Commercial Speech and the First Amendment (2020)

From Yale Law School’s Floyd Abrams Institute for Freedom of Expression


June 2, 2020

8:45 a.m. to 4:00 p.m.

Bios and Readings are located at the bottom of this page.

8:45 – 9:00 Welcome by Sandra Baron and Introduction by Floyd Abrams

Floyd Abrams "I’d like, at the outset, to thank all of you who are participating as panelists or virtual attendees for doing so. And to tell you all that this presentation today could not have occurred without the dedicated and superlative efforts of Sandy Baron, without whom there would have no conference at all. Thank you, Sandy.

I know that in the world we live in these days, in which we may shortly be governed under the Insurrection Act of 1807, it may seem a bit anomalous, even incongruous, to focus on anything else. But if only to retain our sanity, we must continue to do just that, particularly when the First Amendment is involved.

We’re meeting a full half-century after the beginning of the decade during which First Amendment protection for commercial speech was born. It was 1971 when the words “commercial speech” were first used in a judicial opinion. It was in 1973 and 1975 that the Supreme Court first made clear that there was no per se exception of commercial speech from First Amendment review. And it was in 1976, in the Virginia State Pharmacy Board case, that for the first time a law banning commercial speech was held by the Supreme Court to be unconstitutional based on the First Amendment.

So I suggest to you that as we proceed today that you keep in mind three topics.

The first is just how far we have come in a time span that at least some of us are old enough to remember from its inception.

The second is the potential impact of these decisions on other far more clearly established areas of First Amendment protection of speech.

And the third and most difficult one is this: What has been the impact on American society of the half-century of generally increasing protection of commercial speech?Is the public better informed because of the rulings? Has the health or other well- being of the public been adversely affected? Would we live in a much different world if then Justice Rehnquist’s dissent in the Virginia State Pharmacy Board case had carried the day? And if so, how?

Our first panel today is chaired by Amanda Shanor. Amanda is an Assistant Professor at the Wharton School at the University of Pennsylvania. She is a scholar in constitutional law and, in particular, the First Amendment. I am delighted to say that we have worked together on briefs, that I have learned much from her and that her scholarship is of the highest order.

Amanda, please proceed."

9:00 – 10:30 The Supreme Court’s Framework for Commercial Speech: Shifting? Unmoored?




  • Robert Post – Sterling Professor of Law, Yale Law School, New Haven, CT
  • Beth Brinkmann – Partner, Covington, Washington, DC
  • Genevieve Lakier - Assistant Professor of Law, Herbert and Marjorie Fried Teaching Scholar, University of Chicago Law School, Chicago, IL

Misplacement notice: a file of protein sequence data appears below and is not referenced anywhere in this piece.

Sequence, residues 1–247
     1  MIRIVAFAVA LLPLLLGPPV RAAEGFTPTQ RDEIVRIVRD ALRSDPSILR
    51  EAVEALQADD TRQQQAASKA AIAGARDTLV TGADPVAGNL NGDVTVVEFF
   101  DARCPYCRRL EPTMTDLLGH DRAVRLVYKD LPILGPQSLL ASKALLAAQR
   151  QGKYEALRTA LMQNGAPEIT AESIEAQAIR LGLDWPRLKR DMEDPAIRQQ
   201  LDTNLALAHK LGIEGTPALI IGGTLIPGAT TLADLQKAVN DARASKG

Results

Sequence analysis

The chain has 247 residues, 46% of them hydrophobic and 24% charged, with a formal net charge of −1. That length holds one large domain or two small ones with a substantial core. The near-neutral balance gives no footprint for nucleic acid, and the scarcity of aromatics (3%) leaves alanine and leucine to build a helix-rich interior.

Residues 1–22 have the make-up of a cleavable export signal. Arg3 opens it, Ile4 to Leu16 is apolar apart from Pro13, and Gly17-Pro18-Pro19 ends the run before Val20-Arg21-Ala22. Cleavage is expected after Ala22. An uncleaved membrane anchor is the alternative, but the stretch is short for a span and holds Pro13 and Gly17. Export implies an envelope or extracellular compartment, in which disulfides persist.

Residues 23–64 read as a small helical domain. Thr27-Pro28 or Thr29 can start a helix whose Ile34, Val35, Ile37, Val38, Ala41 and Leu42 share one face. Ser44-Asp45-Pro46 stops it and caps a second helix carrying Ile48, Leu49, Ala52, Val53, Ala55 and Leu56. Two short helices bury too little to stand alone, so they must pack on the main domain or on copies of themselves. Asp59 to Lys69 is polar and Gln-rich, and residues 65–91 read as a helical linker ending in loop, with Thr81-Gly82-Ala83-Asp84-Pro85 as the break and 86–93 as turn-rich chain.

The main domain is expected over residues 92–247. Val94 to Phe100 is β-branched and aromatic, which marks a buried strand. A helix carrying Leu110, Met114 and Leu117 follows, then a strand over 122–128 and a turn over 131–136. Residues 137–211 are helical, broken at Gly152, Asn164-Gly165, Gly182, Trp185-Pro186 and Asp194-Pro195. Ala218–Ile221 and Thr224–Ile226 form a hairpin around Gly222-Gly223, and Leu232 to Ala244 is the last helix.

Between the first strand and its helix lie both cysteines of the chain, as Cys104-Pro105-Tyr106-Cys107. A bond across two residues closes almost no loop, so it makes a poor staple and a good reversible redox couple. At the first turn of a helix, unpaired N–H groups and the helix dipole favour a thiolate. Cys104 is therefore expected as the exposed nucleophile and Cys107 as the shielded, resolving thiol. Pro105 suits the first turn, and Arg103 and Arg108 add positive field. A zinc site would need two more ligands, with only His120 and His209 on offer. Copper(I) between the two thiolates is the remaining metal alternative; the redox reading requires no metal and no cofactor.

• Amanda Shanor - Assistant Professor, Wharton School of the University of Pennsylvania, Philadelphia, PA

10:30 – 10:45 Break

10:45 – Noon Regulating Political Advertising Online: Is disclosure still the key?



In the wake of the 2016 election, states are getting more aggressive in regulating online political advertising, including by trying to shift some of the disclosure and record-keeping burdens onto the media platforms that host political ads, as opposed to just the advertisers themselves. The Fourth Circuit recently held that Maryland’s attempt to do so was unconstitutional. What are the boundaries of the state’s power to require disclosures under the First Amendment?


  • Richard H. Pildes – Sudler Family Professor of Constitutional Law, NYU Law School, New York, NY
  • Daniel I. Weiner – Deputy Director, Election Reform Program, Brennan Center for Justice, Washington, DC
  • Allen Dickerson – Legal Director, Institute For Free Speech, Washington, DC


  • Paul Safier – Of Counsel, Ballard Spahr LLP, Philadelphia, PA

12:00 – 12:30 Break

12:30 – 1:15 From Across the Atlantic: A heads-up on what EU Influence to anticipate on the U.S. Internet Law, Policy and Practice



  • Remy Chavannes – Partner, Brinkhof, Amsterdam, NL

1:30 – 2:45 Where Algorithms Meet The First Amendment

Digital platforms such as Facebook, Twitter, and Google are increasingly crucial spaces for public discourse. But they are also the sites of great conflict over election interference, misinformation, discriminatory and false advertising, and the future of free speech values. The platforms shape the discourse they host through rules on “content moderation” and through black-box algorithms that invisibly decide what users will see and in what order.

Should free speech values inform the ways in which platforms moderate the speech they host? If so, which, and how should the platforms resolve conflicts between competing free speech values or between free speech values and other democratic ideals? Is regulation desirable, and if so, what kind? Would the First Amendment permit this kind of regulation?




  • Jack Balkin – Knight Professor of Constitutional Law and the First Amendment, Yale Law School, New Haven, CT
  • Daphne Keller – Director, Program on Platform Regulation, Cyber Policy Center, Stanford Law School, Palo Alto, CA
  • Nathaniel Persily – James B. McClatchy Professor of Law, Stanford Law School, Palo Alto, CA